“Mopeds are the natural next step for us as the company grows,” said Sean Arroyo, who is leading the moped launch at Lime. “This allows riders to choose the mode that works for them, … and it gives the city access to more transportation options.”
The mopeds would not be the first in the District’s growing app-based transportation market. New York-based start-up Revel brought electric mopeds to the city in August 2019, becoming the first and only operator of the two-wheel devices for ride-sharing in the city.
Moped services have proved popular in D.C. and in cities across the United States. Users say they are a convenient option for getting around and are an appealing alternative to ride-hailing and personal car use for short-distance trips. Revel has said its average customer trip is about four miles.
Lime, which has e-scooter or e-bike operations, or both, in 130 cities across the world, said its mopeds answer to the growing demand for short trips in the city. While its users take e-scooter and e-bikes for “last mile” trips, Lime officials hope they will use mopeds for trips up to five miles.
The Lime mopeds are designed to travel at a maximum speed of 28 mph and have a range of up to 87 miles on a single charge.
“Adding mopeds, coupling that with bikes and scooters, allows riders to choose a single platform to get them from point to point and not be restricted as to where they want to go around the city,” Arroyo said.
Under the D.C. program, moped operators are required to register their mopeds with the Department of Motor Vehicles and ensure users wear helmets. City law requires users to wear helmets and have a driver’s license. Mopeds are not allowed on sidewalks.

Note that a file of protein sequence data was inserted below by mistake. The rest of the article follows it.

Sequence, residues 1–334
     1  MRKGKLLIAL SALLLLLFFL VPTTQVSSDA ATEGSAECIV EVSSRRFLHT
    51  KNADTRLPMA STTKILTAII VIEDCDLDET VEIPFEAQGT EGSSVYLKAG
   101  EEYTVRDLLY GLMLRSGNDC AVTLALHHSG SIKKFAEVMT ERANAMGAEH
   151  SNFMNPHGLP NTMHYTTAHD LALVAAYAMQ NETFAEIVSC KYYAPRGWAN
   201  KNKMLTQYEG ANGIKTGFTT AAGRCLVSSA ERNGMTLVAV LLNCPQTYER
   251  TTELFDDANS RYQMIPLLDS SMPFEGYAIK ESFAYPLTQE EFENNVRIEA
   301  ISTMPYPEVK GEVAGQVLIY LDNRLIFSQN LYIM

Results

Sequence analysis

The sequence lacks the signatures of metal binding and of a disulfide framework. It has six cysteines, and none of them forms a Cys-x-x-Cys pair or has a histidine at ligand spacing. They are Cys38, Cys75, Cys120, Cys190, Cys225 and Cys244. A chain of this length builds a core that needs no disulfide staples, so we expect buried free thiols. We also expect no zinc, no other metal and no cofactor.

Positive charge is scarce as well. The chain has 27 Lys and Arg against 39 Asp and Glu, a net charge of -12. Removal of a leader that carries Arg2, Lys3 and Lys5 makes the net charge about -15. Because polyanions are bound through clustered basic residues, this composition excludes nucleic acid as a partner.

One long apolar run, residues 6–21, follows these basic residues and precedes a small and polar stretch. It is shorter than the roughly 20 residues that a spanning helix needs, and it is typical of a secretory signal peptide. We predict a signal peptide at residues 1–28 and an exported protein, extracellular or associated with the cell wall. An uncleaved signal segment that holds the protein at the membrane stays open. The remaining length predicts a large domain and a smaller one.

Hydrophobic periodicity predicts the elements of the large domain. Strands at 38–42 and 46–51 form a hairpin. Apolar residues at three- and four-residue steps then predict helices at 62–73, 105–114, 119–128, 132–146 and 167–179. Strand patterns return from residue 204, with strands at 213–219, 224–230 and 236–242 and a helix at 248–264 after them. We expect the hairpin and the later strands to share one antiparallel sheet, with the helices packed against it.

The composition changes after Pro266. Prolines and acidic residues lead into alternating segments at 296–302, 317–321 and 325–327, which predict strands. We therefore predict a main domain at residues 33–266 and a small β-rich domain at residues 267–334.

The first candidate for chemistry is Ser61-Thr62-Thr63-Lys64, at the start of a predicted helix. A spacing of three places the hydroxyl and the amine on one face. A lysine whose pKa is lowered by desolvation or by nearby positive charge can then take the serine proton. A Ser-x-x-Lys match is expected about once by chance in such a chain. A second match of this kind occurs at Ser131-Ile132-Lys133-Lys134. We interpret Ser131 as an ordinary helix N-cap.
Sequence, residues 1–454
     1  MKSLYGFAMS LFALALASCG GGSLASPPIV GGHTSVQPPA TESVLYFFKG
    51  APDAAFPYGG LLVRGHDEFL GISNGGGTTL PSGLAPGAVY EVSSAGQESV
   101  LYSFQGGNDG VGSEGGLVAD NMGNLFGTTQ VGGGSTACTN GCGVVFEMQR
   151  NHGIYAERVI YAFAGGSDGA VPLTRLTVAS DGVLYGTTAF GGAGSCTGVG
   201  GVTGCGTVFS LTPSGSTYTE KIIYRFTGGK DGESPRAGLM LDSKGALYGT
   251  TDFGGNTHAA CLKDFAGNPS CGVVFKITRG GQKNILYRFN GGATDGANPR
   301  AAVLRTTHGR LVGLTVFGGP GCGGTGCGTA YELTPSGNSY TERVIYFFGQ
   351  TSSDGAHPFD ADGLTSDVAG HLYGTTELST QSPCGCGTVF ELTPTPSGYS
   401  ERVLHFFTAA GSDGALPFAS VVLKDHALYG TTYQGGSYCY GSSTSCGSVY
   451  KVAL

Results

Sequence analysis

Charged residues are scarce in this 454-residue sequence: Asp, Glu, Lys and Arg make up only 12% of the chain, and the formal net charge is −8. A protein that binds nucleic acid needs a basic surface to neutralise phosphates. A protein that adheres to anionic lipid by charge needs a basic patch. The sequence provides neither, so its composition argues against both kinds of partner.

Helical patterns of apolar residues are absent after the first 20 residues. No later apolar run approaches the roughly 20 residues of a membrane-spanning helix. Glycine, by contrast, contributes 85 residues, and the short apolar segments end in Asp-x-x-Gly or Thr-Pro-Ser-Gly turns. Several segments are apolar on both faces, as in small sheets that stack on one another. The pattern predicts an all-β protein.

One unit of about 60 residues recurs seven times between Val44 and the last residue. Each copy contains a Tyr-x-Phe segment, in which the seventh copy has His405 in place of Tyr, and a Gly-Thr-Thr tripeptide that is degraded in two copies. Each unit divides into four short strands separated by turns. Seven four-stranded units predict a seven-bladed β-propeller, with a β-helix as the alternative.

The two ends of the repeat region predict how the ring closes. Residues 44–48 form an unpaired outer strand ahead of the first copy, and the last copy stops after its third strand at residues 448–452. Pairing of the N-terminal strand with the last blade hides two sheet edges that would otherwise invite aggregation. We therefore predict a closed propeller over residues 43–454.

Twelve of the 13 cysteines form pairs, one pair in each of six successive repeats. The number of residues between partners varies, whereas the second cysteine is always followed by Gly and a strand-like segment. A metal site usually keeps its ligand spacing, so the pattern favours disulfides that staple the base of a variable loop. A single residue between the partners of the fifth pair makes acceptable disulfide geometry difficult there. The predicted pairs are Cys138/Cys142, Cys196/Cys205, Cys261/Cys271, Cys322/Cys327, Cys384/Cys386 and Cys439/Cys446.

In the District and most states, moped operators are required to follow the same traffic rules as other motor vehicle operators. A spokeswoman for the District Department of Transportation, which oversees the private micromobility services, confirmed the agency is in talks with Lime about its intention to seek a moped permit.
City transportation officials have embraced the services, saying the mopeds, which are electric, can be part of the solution to reducing traffic congestion and carbon emissions and can create more sustainable options for people moving throughout the city.
Similar to Revel, Lime will require drivers to be 21 or older, have a driver’s license and pass a driving background check before they can rent a moped. A Lime spokesman said pricing information will be released closer to the launch but will be competitive. Revel charges $1 to start a ride, plus 35 cents per minute.
Lime said that before each trip, drivers will be required to take a photograph of themselves wearing a helmet. The mopeds will be equipped with a sensor in each helmet case to identify whether a rider has removed the helmet during use.
Lime said it also has partnered with the Motorcycle Safety Foundation to create a safety course users will be required to take and a test that they will need to pass to ride. The company said it will offer free 45-minute, in-person lessons to riders to promote safe riding.
The company said it “will take strict enforcement measures for repeat safety violators, including removal from the platform, to avoid putting themselves and other road users at risk.”